Osimertinib Extends Progression-Free Survival in EGFR T790M–Positive Lung Cancer with CNS Metastases
Chicago, IL—Osimertinib (Tagrisso) extends progression-free survival (PFS) compared with standard chemotherapy in patients with EGFR T790M mutation–positive non–small-cell lung cancer (NSCLC) who have central nervous system (CNS) metastases, reported Marina C. Garassino, MD, Thoracic Oncology Unit, Medical Oncology Department, Fondazione IRCCS Istituto Nazionale dei Tumori, Milan, Italy, at the 2017 ASCO annual meeting.
A prespecified subgroup analysis of the phase 3 AURA clinical trial showed a 6.1-month improvement in PFS with osimertinib compared with platinum-based doublet chemotherapy in patients with NSCLC with CNS metastases, consistent with earlier evidence of the potential of osimertinib to penetrate the blood–brain barrier, said Dr Garassino.
“Encouraging activity [of osimertinib] was observed in patients with leptomeningeal metastasis,” said Dr Garassino.
Up to 40% of patients with EGFR-positive NSCLC may have CNS metastases over the course of their disease, she said. A CNS response rate of 54% and a CNS disease control rate of 92% were achieved with osimertinib in patients with EGFR T790M–positive NSCLC with baseline CNS metastases in an earlier pooled analysis of 2 phase 2 studies.
Subgroup Analysis of the AURA 3 Study
The AURA 3 clinical trial randomized patients to osimertinib 80 mg once daily or to standard platinum-based doublet chemotherapy as second-line therapy; patients had EGFR T790M–positive locally advanced or metastatic NSCLC and disease progression after first-line therapy with an EGFR tyrosine kinase inhibitor. Osimertinib improved PFS by 5.7 months versus standard platinum-based doublet chemotherapy (10.1 months vs 4.4 months, respectively; hazard ratio [HR], 0.30; P <.001).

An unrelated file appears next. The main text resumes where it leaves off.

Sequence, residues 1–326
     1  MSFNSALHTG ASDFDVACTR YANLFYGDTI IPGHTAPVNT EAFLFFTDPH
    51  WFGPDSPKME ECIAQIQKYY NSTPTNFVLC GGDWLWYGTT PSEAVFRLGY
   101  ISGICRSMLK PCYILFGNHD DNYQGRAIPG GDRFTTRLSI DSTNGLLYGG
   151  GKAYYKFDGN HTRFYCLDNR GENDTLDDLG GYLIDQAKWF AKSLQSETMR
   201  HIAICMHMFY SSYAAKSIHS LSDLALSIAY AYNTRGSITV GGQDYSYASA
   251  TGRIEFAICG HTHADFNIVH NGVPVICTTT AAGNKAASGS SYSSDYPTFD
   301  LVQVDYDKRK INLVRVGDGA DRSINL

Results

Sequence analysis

The data presented at ASCO were from an analysis that focused on a subset of 116 patients with CNS metastases (28% of the overall AURA 3 patient population).
Among the patients with at least 1 measurable CNS metastasis, the overall response rate was 70% with osimertinib and 31% with chemotherapy (HR, 5.13; P = .015). The onset of response to osimertinib was seen at the first radiologic examination at 6 weeks. The median duration of response was 8.9 months in the osimertinib arm versus 5.7 months in the chemotherapy arm. The disease control rate was 93% in the osimertinib arm versus 63% in the chemotherapy arm.
CNS responses with osimertinib were observed regardless of previous brain radiotherapy status.
The median best percentage change from baseline in the CNS target lesion size was a 43% reduction in the osimertinib group and 15% in the chemotherapy group.
The median CNS PFS was 11.7 months in the osimertinib arm versus 5.6 months in the chemotherapy arm, corresponding to a 68% improvement (HR, 0.32; P = .004). This HR was the same as in the AURA 3 population without brain metastases, “suggesting that osimertinib is able to convert the prognosis of patients with brain metastases similarly to patients without brain metastases,” said Dr Garassino.
The probability of having a CNS progression event was lower with osimertinib than with chemotherapy at 3 and 6 months. The cumulative incidence of brain metastases at 3 months was 2.7% with osimertinib versus 8.2% with chemotherapy; at 6 months, the incidence rates were 11.5% versus 28.2%, respectively.
The clinical activity of osimertinib was also observed in patients with leptomeningeal metastasis at baseline who were included in the analysis; 4 of 7 patients with leptomeningeal metastasis responded to osimertinib, including 2 complete responses.